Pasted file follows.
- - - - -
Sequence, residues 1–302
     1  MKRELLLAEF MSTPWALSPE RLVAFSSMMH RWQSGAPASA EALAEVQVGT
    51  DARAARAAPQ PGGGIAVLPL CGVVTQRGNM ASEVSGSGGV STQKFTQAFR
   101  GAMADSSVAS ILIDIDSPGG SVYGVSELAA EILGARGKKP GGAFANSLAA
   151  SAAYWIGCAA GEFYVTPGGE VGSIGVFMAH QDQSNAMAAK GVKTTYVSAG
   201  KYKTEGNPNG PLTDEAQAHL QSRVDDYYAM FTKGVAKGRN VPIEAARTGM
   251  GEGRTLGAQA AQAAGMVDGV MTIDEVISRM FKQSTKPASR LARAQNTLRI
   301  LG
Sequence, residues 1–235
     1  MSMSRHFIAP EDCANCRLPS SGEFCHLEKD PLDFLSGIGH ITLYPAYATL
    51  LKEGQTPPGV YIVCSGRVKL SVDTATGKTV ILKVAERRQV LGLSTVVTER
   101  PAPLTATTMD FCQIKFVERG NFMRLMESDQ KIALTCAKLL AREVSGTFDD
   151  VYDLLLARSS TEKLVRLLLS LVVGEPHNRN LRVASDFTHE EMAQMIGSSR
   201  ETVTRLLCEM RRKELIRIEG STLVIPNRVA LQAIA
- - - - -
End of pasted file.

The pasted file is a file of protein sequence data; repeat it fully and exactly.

Sequence, residues 1–302
     1  MKRELLLAEF MSTPWALSPE RLVAFSSMMH RWQSGAPASA EALAEVQVGT
    51  DARAARAAPQ PGGGIAVLPL CGVVTQRGNM ASEVSGSGGV STQKFTQAFR
   101  GAMADSSVAS ILIDIDSPGG SVYGVSELAA EILGARGKKP GGAFANSLAA
   151  SAAYWIGCAA GEFYVTPGGE VGSIGVFMAH QDQSNAMAAK GVKTTYVSAG
   201  KYKTEGNPNG PLTDEAQAHL QSRVDDYYAM FTKGVAKGRN VPIEAARTGM
   251  GEGRTLGAQA AQAAGMVDGV MTIDEVISRM FKQSTKPASR LARAQNTLRI
   301  LG
Sequence, residues 1–235
     1  MSMSRHFIAP EDCANCRLPS SGEFCHLEKD PLDFLSGIGH ITLYPAYATL
    51  LKEGQTPPGV YIVCSGRVKL SVDTATGKTV ILKVAERRQV LGLSTVVTER
   101  PAPLTATTMD FCQIKFVERG NFMRLMESDQ KIALTCAKLL AREVSGTFDD
   151  VYDLLLARSS TEKLVRLLLS LVVGEPHNRN LRVASDFTHE EMAQMIGSSR
   201  ETVTRLLCEM RRKELIRIEG STLVIPNRVA LQAIA